Having a yarn with Kuru Gladys Bidu, her powerful presence reverberates through her confident, considered speech and commanding voice. Listen a little closer, and the softer side of her nature is revealed with a genuine tone of sincerity, sense of humour, and frequently reflective expression. These attributes serve Kuru well in her many social and cultural roles as a respected elder and Punmu community leader, cultural advisor and board member of Punmu School, and a member of Wangka Lampa Kujungka (the Martu voice) – the group of artists that provide governance direction for the Martumili Artists.
Kuru has painted casually with Martumili since its inception in 2006, but it is only in recent years that she has become one of our most prolific, dedicated and increasingly recognised artists. This shift coincides with her emergence as one of the new matriarchs of Martumili Artists – an art centre deeply imbued with a history of strong women at its helm. Indeed, Kuru was taught to paint by one of these women- her aunt and highly acclaimed artist Jakayu Biljabu (dec.). This influence in Kuru’s painting is clear. Like her mentor’s works, bold, geometric forms in vibrant palettes crowd Kuru’s canvases with an undisputable energy. At the same time, as Kuru attests, she paints her ‘own different way’ to represent the integral sites of her ngurra (home Country, camp); Pitu (Separation Well) and birthplace Wantili (Warntili, Canning Stock Route Well 25).
Martumili Artist Kuru Gladys Bidu.
Hi Kuru, Wanyjalpa (what’s happening?) How was the Christmas sale?
Yeah the Christmas sale was really good. We had a big mob of people, everyone was grabbing and buying the paintings! Mine’s three got sold- they going long distance, you know? Sydney, Adelaide. I feel good and proud to know the paintings that I do travel. One I’ve got to do next year about the Seven Sisters is going to travel to Singapore.
That must be a great feeling! What else do you love about painting?
I love about my painting that I do where I come from. That’s where my main focus is on. Wantili, that’s my ngurra. That’s the place where I was born, and I ended up doing painting about Wantili. Sometimes I do Pitu, my fathers’ and grandfathers’ Country. I can’t do someone else’s. I have to do my own Country where my family come from and where I come from too.
You were one of the last of the people to be born in the desert. Can you tell me a bit more about your early history?
I was a little one when I walked out from the desert in ’63. I was a little one, maybe 11 months. I was still in my mum’s lap. We been go through, you know Wiirnukurrujunu? That’s where we first been seen by the whitefella [surveyor Len Beadell], the one with the bulldozer. We went into mission country, Jigalong, when the old people were still alive and healthy.
I stayed there ‘till right up when I got older. I was doing schooling there, right up to year 12. Then our parents took us to [Aboriginal owned station,] Strelley, back and forth. When they started setting up a camp for the people in the homeland; Punmu, Parnngurr, and Kunawarritji, round about ’82, that’s when I went to Punmu. I’m still living there in Punmu. I come into town for meetings and stuff.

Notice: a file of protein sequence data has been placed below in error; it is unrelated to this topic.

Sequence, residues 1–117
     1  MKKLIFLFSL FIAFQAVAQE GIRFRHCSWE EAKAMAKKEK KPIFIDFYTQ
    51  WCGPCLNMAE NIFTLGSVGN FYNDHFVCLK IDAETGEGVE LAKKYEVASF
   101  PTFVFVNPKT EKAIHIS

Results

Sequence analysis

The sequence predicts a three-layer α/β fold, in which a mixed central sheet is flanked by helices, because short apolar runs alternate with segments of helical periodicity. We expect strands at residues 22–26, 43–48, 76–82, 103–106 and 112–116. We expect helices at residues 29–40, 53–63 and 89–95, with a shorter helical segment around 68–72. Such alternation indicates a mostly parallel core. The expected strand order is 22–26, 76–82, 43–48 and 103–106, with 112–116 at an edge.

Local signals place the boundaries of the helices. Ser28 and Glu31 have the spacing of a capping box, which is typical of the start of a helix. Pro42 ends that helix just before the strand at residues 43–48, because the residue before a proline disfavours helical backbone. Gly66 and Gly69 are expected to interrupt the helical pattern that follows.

Yeah, I’m sure you must have plenty of meetings! You’re very active in the community- being a board member for Punmu School and community advisor for Martumili. What motivates you to take on these roles?
It’s for the kids. Sometimes we doing painting, or going out on Country. Showing them the Country they belong to, that their grandparents come from. Helping them learn about culture and their connections.
For the school I’ve been a board member for a long time. My partner was a board member and it passed on to me. We make sure they’re doing the right thing, Martumili too. They’re doing a good job.
Can you tell me about how you started painting?
You know that old girl [Jakayu Biljabu] been doing the painting, and I used to sit down and give her a hand. I used to see her doing the painting, and it ended up that I do painting then. She taught me how to do painting.
What do you paint about?
We had a connection that belonged to us, me and the old girl, to our ngurra. We had a feeling that we belonged to there. That’s why I’m doing painting. Where we all connected to, where our ancestors come from, our birth area.
Wantili is on the Canning Stock Route. It’s [Canning Stock Route] Well 25. That’s where my birth area is, where I come from. The other painting that I do is my father's home, Pitu [Separation Well]. That's where I get the surname through.
It’s special to do paintings about your Country, you know where you belong to? When I do painting I feel, you know, good and proud about my Country.
What's been your most exciting moment as an artist so far?
I travel everywhere for my painting. We went to Perth a couple of times, for Seven Sisters [Songlines, Tracking the Seven Sisters] at the WA museum and last couple of months they asked me to do a painting to enter for the Telstra Award [National Aboriginal and Torres Strait Islander Art Awards]. That makes me feel good. Palya! (good!)